The Idea of Europe in Literature, Philosophy and the Arts: History and Current Debate – 5th March 2020 (Previous Student-Led Activities)

Call for Papers

Keynote speaker: Dr Alex Drace-Francis, University of Amsterdam

The London Arts and Humanities Partnership is happy to announce the cross-disciplinary
conference The Idea of Europe in Literature, Philosophy and the Arts: History and Current
Debate, which will take place at King’s College London on 5 March 2020.

The conference aims to explore how the idea of Europe has changed throughout history, in literary and philosophical writings, as well as in artistic representations. It will seek to facilitate discussion across different areas of study, aiming to produce a diachronic perspective on various European questions, with a particular focus on the concept of “European identity”. We would also like to invite special attention to the role that migration (broadly defined as movements of people, objects and ideas) has played and continues to play in shaping such an identity. The urgency of such a discussion, both in the context of UK scholars working on the question of Europe, and of European scholars, is evident in a moment of precipitous change in various areas of Europe.

We invite researchers to contribute 20-minute papers that address, but are not limited to, the
following themes and questions:

  • The genesis of the idea of Europe. Can we pinpoint specific instances of the emergence of
    a “continental consciousness”, an awareness of belonging to Europe?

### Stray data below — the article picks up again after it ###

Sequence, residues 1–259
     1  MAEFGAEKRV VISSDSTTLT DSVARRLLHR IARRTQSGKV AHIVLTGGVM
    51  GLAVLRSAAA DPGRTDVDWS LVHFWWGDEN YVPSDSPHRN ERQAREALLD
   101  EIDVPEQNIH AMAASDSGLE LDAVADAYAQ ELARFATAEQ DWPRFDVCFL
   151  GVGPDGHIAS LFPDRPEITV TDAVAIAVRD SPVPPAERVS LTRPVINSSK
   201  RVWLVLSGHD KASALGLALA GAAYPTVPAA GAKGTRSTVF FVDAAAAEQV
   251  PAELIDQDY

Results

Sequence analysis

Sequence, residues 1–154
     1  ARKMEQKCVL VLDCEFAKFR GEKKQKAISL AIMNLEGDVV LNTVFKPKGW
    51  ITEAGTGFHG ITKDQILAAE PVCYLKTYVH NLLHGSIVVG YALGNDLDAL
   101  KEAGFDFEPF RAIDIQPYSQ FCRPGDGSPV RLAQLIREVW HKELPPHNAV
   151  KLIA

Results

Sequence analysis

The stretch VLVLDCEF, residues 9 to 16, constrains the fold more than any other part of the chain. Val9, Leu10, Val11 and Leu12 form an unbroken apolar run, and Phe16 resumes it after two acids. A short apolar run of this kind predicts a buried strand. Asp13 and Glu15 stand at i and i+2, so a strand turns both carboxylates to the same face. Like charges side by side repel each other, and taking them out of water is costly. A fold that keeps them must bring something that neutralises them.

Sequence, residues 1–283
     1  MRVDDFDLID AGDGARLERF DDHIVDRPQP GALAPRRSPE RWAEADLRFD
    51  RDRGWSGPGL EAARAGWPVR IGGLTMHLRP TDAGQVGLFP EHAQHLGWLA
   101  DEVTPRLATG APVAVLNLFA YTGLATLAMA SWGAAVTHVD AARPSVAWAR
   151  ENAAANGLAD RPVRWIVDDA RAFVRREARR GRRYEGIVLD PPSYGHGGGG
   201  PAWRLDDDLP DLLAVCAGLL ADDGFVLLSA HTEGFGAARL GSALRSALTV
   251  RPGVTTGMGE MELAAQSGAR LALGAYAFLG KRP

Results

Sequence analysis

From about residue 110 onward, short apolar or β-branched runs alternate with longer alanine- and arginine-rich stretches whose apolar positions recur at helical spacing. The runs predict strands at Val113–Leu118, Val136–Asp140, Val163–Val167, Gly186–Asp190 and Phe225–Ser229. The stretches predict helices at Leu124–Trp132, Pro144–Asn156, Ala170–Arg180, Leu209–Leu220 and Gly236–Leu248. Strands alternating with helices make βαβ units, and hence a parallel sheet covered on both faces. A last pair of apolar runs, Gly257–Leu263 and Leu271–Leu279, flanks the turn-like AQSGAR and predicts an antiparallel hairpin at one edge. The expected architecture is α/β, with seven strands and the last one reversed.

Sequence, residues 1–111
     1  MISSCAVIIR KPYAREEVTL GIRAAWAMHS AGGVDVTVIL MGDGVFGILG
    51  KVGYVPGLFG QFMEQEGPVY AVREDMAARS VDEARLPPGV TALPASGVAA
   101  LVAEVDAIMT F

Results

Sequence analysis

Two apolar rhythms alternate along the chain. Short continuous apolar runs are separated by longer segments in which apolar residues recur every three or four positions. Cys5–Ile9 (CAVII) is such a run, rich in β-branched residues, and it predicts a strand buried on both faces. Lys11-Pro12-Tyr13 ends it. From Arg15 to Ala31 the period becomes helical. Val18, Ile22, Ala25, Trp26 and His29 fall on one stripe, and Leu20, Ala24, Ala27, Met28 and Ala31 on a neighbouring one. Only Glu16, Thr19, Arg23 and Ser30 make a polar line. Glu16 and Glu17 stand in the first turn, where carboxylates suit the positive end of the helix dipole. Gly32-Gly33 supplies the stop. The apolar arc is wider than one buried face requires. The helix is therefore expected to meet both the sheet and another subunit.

• How the notion of Europe has changed throughout the centuries.
  • Is it possible to conceptualize the “identity” of Europe? If so, what is/has been the impact
    of migrations in shaping this identity?
  • Does an idea of Europe still have a place in the 21st century? What is its function? What
    is its future?
  • How the concept of Europe may have been purposely mystified or distorted in order to
    serve an ulterior motive.
  • Is there such a thing as “European literature/art/philosophy”? Is it a unified and coherent
    concept? Is it a useful heuristic for academic discussion?
  • How the concept of Europe has been used to mark an opposition with another cultural,
    social and/or religious entity.
  • How non-European ideas/impressions of Europe have changed over the years, and what
    bearing this has had on European self-definition.

If you are interested in presenting a paper, please send a title, an abstract (approx. 300 words) and a brief biography (150 words max) to by 15 November 2019. Abstracts from PhD and early career researchers are particularly encouraged.

Applicants will be notified of the outcome by 30 November 2019.

Full programme available here

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